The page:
There was something about Mark Cerny that I couldn't put my finger on.
It wasn't that wild stare of his; that piercing gaze through eyes that have swelled and sagged from three decades of work in games development. It wasn't his voice either; that peculiar flow of forced-relaxed tones, like a polite waiter trying to remain patient with a terrible customer.
These things I was prepared for. And I was told, by Sony developers who have worked with him personally, that this is a man with a towering intellect and indecipherable knowledge of games and games systems - traits that one would expect of someone tasked with creating the brain and nervous system of PlayStation 4.
But there was something else, something that felt out of place when we spoke for our fleeting half-hour. It was only after our meeting, when listening through the recording, that it hit me: Mark Cerny doesn't umm or ahh. Instead he completely shuts down, for several awkward seconds, before returning to life with a perfectly formed answer.
In one hundred years' time, Apple's Siri will sound like Mark Cerny.
Perhaps I should have expected this too. After all, Cerny has meticulously assembled the PlayStation 4 for more than half a decade. His knowledge of Sony's next-generation console is unrivalled; it is an understanding that has come from every decision he's made and every memory of that decision. That's why there are no umms or ahhs; the answers are already inside him. He freezes, he recollects, and he returns to life with the answer.
"There were two goals with PS4. The first is building the most accessible console we can, because the easiest games console to develop for will get you the best games in year one," he says.
"At the moment there are 140 games in development for PS4. We have the strongest line-up of any PlayStation platform, and that's what accessibility will do for you. I've read articles where indie developers say they have been able to port their code to PS4 within four weeks. And I've read articles where major triple-A developers say they've been able to port their games over in two months."
"The user experience is that, when you play a game, you feel like you're on an adventure with your real-world friends"
There's no need to look far for this kind of glowing testimony. In March, games industry publication Develop asked a panel of industry professionals to describe their experiences developing on PS4. Avalanche's chief technical officer Linus Blomberg said "compared to the PS3 it's a walk in the park". Codemasters producer Clive Moody said the console was "workable straight away". Climax Studios chief executive Simon Gardner said "it's much easier to develop for - the tool chain is an advancement over the PS3 and everything about it is slicker, simpler and much more developer friendly".
To describe such an achievement, I prefer the immortal words of Woody Guthrie: "Any fool can make something complicated. It takes a genius to make it simple."
Cerny clearly has the eccentricity of a genius. He is somewhat difficult to talk to, and he has a poor tolerance of the imperfections in what other people are saying. On the other hand, he also discovered that an eight-core PC-CPU with eight gigabytes of unified GDDR5 memory was an exceptionally smart way to simplify games development. If the PS3 was an Escher painting, the PS4 is a diagram of a stairwell.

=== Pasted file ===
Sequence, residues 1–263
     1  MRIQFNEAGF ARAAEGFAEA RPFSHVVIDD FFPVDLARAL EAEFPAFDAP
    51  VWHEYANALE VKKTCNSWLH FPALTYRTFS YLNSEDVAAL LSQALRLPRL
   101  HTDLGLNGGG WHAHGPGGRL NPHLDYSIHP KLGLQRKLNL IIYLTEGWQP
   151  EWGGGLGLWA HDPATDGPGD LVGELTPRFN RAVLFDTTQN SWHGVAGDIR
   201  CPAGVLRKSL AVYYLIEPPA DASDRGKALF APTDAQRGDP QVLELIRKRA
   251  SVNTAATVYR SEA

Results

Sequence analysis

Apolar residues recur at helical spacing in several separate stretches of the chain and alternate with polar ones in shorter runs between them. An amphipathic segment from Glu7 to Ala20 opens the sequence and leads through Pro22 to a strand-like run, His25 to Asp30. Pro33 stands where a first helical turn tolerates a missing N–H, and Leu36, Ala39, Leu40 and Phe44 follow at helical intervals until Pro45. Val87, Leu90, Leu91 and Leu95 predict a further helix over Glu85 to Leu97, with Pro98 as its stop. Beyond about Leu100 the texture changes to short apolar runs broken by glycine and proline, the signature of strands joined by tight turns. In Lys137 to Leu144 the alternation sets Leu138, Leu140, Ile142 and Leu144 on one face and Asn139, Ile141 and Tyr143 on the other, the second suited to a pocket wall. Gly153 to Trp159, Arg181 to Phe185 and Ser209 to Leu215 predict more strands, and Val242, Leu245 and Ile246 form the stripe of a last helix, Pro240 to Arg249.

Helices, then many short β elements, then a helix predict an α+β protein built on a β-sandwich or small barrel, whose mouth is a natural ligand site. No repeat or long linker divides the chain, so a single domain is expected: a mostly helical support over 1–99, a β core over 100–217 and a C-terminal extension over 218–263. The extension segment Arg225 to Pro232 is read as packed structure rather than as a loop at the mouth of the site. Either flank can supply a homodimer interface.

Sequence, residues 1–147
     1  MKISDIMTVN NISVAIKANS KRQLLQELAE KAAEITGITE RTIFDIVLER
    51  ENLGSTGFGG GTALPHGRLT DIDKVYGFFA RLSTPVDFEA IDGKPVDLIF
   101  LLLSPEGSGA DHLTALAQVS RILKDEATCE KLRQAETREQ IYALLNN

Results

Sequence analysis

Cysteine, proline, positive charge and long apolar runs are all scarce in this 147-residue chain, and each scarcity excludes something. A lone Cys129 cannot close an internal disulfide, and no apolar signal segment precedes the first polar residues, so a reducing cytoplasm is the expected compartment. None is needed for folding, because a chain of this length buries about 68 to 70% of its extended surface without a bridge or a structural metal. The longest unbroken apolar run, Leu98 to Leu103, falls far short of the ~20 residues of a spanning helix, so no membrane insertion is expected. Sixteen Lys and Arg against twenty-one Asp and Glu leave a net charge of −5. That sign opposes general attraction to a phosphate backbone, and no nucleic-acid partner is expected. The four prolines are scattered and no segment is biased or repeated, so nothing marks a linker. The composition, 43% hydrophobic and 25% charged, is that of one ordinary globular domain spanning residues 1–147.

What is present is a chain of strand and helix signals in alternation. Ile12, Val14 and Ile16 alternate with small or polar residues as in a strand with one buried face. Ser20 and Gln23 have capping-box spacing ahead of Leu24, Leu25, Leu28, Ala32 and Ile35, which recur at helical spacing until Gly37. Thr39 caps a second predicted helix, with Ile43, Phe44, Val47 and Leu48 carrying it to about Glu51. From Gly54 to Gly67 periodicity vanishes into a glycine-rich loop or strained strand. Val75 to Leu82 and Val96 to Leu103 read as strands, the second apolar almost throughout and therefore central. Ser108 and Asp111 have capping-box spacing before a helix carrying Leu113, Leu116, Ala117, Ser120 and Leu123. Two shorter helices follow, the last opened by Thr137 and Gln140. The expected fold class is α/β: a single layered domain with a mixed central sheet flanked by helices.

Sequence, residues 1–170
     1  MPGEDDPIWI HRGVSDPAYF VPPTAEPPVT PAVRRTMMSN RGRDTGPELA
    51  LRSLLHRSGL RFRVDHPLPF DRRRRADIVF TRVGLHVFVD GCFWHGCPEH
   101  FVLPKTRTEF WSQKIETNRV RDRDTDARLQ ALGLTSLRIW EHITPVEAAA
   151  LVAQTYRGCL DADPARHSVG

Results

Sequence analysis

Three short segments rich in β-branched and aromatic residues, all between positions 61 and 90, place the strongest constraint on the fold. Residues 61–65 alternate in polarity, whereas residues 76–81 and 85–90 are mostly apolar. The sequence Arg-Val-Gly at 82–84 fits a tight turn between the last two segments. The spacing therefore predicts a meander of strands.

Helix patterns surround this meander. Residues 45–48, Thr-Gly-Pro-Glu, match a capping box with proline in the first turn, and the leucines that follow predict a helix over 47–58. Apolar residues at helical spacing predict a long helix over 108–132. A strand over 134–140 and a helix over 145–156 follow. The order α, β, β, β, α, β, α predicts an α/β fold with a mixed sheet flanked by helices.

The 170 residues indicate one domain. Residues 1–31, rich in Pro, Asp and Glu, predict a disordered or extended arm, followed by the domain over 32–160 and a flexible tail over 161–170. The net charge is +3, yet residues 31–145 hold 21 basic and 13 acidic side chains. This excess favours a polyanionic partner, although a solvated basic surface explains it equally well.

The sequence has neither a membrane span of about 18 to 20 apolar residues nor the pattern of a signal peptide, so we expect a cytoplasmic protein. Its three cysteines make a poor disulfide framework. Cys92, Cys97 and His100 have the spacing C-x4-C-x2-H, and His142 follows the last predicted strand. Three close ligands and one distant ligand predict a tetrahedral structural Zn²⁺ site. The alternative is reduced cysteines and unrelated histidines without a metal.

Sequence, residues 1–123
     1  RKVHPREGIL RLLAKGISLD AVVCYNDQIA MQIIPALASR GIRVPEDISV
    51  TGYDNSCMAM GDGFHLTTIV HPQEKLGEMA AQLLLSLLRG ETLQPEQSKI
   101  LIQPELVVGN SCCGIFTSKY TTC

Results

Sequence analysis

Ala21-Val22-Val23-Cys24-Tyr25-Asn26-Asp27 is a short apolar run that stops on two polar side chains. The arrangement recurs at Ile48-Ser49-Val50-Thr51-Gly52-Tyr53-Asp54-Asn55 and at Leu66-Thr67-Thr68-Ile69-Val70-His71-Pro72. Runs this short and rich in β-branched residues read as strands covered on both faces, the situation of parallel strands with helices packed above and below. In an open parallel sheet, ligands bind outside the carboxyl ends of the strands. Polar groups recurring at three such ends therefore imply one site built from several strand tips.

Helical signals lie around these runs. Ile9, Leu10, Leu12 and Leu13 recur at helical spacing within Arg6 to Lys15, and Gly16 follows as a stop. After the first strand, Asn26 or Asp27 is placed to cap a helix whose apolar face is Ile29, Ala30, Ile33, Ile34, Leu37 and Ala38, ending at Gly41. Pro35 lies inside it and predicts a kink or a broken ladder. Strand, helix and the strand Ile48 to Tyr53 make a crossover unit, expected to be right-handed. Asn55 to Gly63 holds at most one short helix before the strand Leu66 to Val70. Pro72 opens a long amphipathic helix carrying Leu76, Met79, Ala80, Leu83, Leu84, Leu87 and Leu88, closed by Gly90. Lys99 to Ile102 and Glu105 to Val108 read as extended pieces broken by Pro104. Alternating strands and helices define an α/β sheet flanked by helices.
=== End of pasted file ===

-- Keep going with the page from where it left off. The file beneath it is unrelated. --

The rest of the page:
But, he adds, there was always a second part to his master plan.
"So accessibility is very important, but at the same time the hardware needs to grow over time. Games and teams evolve and so the hardware needs to be there with them. So the second goal was that we need a rich feature set that isn't being used by most of the year-one titles. That is, technology that will be discovered and used in 2016 and 2017.
"With PlayStation 4 we focused on all of the ways that developers could use the GPU for things other than graphics. Now, that doesn't mean worse graphics. What we noticed was, over the course of a single frame, there are many things going on in a GPU but there are some things not being used at all, so that is a wonderful time to use it for other processes."
Sculpting a balance between short-term accessibility and long-term potential was, in part, the result of a painstaking consultation period with the most respected games developers around the world.
"I haven't been this busy in twenty years," Cerny says.
"I've learned patience. When making hardware, there are really important issues that you will need to discuss for two, even three years. So to address these issues you're having a long-term conversation with the development community."
"We are looking for those stars, those brilliant minds of this generation, and we want to bring their games to the front and centre"
There is a rumour about Cerny I was told before meeting him. Apparently he has spent a whole year out of the past five in hotels. For the good of the cause, he has stayed away from home and travelled the world to talk with the people who will ultimately need to use his hardware each time they come into work.
"I spend about half of all my time on the road," Cerny says.
"But I don't think there is any other way to do this. When I speak to the development community about their issues, it's not something they can answer easily.
"The developers who I spent the most time with are the guys who booed me when I gave them a presentation [on PS4]. That is what you want. You want very strong feedback from people who can tell you what they really think. It's very, very difficult to get to those answers."